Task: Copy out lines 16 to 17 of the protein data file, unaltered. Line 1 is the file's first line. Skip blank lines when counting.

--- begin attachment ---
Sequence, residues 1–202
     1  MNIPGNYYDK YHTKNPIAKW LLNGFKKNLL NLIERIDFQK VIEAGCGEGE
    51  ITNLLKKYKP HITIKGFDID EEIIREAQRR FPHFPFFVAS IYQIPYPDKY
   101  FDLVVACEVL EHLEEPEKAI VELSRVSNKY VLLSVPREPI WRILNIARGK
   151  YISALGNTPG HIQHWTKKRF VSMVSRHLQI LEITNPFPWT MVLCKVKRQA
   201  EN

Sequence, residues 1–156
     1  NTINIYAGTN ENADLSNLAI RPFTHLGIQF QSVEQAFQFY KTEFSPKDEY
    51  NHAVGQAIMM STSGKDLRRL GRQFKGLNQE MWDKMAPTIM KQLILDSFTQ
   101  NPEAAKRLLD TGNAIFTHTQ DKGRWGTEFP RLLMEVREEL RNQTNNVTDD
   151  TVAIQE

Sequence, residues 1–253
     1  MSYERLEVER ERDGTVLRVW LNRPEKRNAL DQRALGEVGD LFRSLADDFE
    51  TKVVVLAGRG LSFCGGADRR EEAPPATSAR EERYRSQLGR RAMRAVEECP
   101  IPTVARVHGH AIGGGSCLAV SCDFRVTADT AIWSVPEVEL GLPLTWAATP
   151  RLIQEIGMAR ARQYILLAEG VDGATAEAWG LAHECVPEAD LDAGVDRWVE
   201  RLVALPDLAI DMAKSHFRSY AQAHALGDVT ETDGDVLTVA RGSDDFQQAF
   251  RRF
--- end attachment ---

   151  RLIQEIGMAR ARQYILLAEG VDGATAEAWG LAHECVPEAD LDAGVDRWVE
   201  RLVALPDLAI DMAKSHFRSY AQAHALGDVT ETDGDVLTVA RGSDDFQQAF